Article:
The high cost of deductibles, which has increased by 40 percent over the last six years, is discouraging many people from visiting emergency rooms when they need care most, according to the physicians’ organization that commissioned the survey.
The cost of deductibles can be “extraordinary,” said Dr. Stephen Anderson, a practicing physician from Seattle who serves on the national board of the American College of Emergency Physicians (ACEP), which commissioned the survey.
High costs mean residents are putting off going to the emergency room for fear their condition turns out not to be serious and they have to pay out of pocket, Anderson told Patient Daily.
Emergency care is included in the essential benefits package of the Affordable Care Act, but Anderson argues that high-deductible plans effectively mean patients are taking more chances and deciding not to seek treatment for what might be a life-threatening condition.
According to the Centers for Disease Control and Prevention, the number of people enrolled in high-deductible health plans has increased by 40 percent in the last six years.
Many people “delay seeking emergency care” out of fear the insurance will not cover the visit, Anderson told Patient Daily.
Insurance companies are exploiting the federal law guaranteeing no one will be turned away from an emergency department, according to ACEP. They are shifting costs onto patients and medical providers, the physicians’ organization claims.
The poll, carried out by Morning Consult, found that 30 percent of consumers believe their health insurance coverage has gotten worse in the past year, compared to 15 percent who said it has gotten better.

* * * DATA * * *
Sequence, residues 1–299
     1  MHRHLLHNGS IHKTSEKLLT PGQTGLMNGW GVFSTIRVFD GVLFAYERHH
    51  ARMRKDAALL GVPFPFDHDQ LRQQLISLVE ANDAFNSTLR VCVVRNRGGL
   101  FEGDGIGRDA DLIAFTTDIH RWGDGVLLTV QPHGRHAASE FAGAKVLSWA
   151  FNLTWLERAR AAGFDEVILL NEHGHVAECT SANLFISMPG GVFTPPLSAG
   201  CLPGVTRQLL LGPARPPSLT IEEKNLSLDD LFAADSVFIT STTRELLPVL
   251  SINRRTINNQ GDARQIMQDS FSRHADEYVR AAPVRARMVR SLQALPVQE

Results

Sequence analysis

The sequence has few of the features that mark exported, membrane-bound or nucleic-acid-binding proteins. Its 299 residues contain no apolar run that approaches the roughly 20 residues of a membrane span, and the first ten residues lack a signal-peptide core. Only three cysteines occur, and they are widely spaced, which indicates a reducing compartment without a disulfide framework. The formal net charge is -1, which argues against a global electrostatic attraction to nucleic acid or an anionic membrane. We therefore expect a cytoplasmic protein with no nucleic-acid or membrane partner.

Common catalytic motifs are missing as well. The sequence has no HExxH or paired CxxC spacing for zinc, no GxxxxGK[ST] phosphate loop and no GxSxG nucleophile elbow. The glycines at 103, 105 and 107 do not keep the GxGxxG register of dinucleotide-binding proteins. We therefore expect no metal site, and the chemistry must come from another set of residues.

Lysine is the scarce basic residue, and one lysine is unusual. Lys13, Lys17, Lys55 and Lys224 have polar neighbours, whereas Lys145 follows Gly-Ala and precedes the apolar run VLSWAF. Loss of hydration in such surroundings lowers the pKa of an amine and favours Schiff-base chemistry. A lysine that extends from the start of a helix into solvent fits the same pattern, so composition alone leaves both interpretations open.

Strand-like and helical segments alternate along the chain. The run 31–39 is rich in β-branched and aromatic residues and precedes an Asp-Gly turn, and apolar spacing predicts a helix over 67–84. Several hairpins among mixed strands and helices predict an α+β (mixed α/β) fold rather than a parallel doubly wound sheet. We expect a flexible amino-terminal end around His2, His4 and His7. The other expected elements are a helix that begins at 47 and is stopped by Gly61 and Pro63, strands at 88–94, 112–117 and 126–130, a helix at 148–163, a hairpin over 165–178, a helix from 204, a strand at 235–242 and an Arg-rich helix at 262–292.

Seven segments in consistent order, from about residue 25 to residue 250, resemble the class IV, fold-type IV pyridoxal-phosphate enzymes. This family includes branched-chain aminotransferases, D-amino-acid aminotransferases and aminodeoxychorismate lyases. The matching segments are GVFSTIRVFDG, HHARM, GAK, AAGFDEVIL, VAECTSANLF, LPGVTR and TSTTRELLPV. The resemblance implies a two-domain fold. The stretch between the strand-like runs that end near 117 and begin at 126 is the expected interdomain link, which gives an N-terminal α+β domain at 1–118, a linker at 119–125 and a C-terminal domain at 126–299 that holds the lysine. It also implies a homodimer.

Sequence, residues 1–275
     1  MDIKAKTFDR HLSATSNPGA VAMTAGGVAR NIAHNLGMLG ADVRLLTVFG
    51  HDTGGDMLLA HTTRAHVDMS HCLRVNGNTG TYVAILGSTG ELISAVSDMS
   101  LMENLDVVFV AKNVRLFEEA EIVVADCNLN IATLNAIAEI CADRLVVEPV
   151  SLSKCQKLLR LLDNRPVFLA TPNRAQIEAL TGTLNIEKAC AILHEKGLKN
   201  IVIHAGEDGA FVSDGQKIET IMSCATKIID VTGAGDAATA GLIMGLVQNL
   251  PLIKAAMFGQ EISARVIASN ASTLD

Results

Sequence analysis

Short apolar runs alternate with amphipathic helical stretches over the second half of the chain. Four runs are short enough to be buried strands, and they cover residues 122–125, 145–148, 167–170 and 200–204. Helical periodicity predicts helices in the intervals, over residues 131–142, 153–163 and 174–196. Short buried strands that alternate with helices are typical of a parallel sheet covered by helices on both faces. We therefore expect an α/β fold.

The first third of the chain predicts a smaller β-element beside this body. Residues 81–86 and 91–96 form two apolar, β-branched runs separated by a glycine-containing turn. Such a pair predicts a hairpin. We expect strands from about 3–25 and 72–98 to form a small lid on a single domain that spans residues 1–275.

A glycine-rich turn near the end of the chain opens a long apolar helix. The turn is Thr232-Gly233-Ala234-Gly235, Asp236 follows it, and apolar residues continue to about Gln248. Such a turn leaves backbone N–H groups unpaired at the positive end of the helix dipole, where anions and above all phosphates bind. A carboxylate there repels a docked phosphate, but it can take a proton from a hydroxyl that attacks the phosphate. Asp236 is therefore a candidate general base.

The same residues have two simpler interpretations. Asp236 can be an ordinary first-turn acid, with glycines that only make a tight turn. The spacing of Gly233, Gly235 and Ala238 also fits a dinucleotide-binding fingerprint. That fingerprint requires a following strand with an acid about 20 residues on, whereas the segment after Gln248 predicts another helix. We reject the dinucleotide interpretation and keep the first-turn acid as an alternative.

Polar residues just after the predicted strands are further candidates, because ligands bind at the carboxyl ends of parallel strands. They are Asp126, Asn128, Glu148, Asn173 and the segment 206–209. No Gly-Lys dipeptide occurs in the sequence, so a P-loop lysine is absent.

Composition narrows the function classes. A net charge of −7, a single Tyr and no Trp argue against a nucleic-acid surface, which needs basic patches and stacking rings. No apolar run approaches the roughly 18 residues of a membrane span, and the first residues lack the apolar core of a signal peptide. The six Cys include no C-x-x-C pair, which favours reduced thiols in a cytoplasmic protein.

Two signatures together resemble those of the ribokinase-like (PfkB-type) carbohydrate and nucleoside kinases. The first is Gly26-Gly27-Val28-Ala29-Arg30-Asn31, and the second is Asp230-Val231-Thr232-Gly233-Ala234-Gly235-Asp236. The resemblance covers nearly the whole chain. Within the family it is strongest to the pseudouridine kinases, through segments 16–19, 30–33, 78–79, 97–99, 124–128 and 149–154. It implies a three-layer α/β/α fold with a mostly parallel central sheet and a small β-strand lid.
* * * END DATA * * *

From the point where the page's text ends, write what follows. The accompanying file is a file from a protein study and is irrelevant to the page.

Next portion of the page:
One in four of the more than 2,000 people surveyed over three days last month said they have lost access to their doctors in the past year because those doctors were no longer in their insurance companies' networks.
Three in 10 said they have delayed or avoided emergency medical care in the past year for fear of associated costs.
Close to 20 percent said they have contacted or gone to urgent care centers or doctors' offices before being sent directly to an emergency department because they needed higher levels of care.
More than half (55 percent) said they are paying more for their insurance coverage, with one in five saying they are paying "much more."
"As a physician, it greatly concerns me that people are waiting until their medical conditions deteriorate to seek emergency care, which can have lifelong consequences," Dr. Jay Kaplan, ACEP president, said. "Insurance companies are misleading patients by selling so-called 'affordable' policies that cover very little until large deductibles are met, and the companies are blaming medical providers for charges. Many people don't realize this until they need medical care, and then they are shocked at how little their insurance pays."
ACEP is a national society representing those working in emergency medicine.